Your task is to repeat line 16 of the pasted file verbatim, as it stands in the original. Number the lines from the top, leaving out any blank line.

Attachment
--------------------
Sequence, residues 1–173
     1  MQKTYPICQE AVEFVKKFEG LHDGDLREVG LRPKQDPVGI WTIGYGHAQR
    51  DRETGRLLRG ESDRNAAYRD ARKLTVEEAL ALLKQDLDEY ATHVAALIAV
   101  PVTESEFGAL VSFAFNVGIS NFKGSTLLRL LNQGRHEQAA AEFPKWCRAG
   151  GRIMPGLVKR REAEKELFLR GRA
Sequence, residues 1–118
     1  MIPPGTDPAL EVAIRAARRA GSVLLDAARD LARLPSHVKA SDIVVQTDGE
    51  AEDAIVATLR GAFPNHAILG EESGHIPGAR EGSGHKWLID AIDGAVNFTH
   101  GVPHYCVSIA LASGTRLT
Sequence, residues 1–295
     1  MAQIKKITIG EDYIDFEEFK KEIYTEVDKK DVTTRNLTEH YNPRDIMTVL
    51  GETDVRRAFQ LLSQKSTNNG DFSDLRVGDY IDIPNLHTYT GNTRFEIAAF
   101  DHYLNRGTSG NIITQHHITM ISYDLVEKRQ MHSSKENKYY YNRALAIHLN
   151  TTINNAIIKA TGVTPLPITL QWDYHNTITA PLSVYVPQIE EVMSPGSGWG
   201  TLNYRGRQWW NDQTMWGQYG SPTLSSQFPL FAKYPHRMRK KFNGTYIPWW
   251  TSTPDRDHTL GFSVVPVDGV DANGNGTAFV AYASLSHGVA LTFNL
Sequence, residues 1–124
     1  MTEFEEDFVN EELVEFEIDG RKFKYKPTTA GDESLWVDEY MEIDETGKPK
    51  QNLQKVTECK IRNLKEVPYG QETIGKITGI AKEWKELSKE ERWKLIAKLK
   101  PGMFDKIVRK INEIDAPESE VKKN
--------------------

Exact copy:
   251  TSTPDRDHTL GFSVVPVDGV DANGNGTAFV AYASLSHGVA LTFNL